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Over 650,000 Meals in Hospitals Will Now be Served Without Antibiotic-Infested Meat Due to Super-Bugs

For related articles and more information, please visit OCA's Food Safety Research Center page and our CAFO's vs. Free Range page.

Due to a precedent-setting move by the University of California at San Francisco (UCSF) Medical Center and a recent almost-unanimous vote by the Academic Senate of the university, over 650,000 meals served to hospital patients each year will now be free of meat that has been treated with antibiotics.

Livestock are often fed everything from penicillin to macrolide to ensure their health, but often to the detriment of the people who consume their meat. Ranchers and farmers discovered several decades ago that feeding their livestock just small doses of these antibiotics could fatten them up for market, and bring in larger profits. This practice isn't often publicized, so many people are unaware of the practice. A doctor who has studied this subject Stuart B. Levy, M.D., estimates that there are 15-17 million pounds of antibiotics used sub-therapeutically in the United States each year.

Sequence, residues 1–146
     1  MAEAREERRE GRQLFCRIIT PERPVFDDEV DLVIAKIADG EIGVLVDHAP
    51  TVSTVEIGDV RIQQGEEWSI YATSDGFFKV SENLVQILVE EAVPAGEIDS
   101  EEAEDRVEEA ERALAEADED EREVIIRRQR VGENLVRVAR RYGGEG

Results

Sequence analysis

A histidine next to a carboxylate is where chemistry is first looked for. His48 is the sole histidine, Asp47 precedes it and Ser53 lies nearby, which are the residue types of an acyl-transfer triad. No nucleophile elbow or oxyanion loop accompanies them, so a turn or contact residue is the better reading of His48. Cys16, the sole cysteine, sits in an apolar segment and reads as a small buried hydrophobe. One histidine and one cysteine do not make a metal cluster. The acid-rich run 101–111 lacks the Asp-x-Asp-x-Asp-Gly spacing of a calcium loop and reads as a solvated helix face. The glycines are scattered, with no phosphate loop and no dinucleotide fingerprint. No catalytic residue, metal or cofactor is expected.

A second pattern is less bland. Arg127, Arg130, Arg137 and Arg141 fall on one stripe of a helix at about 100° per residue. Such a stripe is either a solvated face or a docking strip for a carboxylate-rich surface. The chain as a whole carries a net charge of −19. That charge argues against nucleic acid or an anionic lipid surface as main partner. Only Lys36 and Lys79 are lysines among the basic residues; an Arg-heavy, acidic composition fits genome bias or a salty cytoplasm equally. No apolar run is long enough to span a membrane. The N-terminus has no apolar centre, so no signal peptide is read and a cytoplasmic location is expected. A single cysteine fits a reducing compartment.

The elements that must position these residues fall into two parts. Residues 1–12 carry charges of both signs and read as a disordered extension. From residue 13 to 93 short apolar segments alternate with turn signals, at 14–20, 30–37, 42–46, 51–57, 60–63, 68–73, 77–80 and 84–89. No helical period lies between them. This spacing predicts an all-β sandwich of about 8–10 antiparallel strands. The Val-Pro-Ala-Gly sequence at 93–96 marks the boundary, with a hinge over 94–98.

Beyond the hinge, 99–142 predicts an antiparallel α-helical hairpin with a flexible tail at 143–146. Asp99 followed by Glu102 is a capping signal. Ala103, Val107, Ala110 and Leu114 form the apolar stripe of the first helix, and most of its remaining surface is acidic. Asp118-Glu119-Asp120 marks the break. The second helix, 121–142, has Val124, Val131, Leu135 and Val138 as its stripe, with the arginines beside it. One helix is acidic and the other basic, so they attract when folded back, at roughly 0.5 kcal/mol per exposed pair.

What happens when humans eat antibiotic-infused meat, is that certain bacteria in the animal becomes resistant to the antibiotic and grows stronger. We consume those unsavory bacteria and can become very ill, and then trying to treat us with antibiotics becomes impossible. This situation is much like the super-weeds that are growing due to the over-use of Monsanto's GMO poison, Roundup, the good bacteria cannot over-run the bad. We then create super-bugs that are resistant to any type of treatment.

Opposing this argument is Dr. Margaret Mellon, with the Union of Concerned Scientists, "There is no evidence that antibiotic resistance is not a problem, but there is insufficient evidence as to how big a problem it is." If this were true, why did methicillin resistant staphylococcus aureus (MRSA) get a foothold in the 1960s ? The overuse of antibiotics in general has already caused several cases of superbugs.

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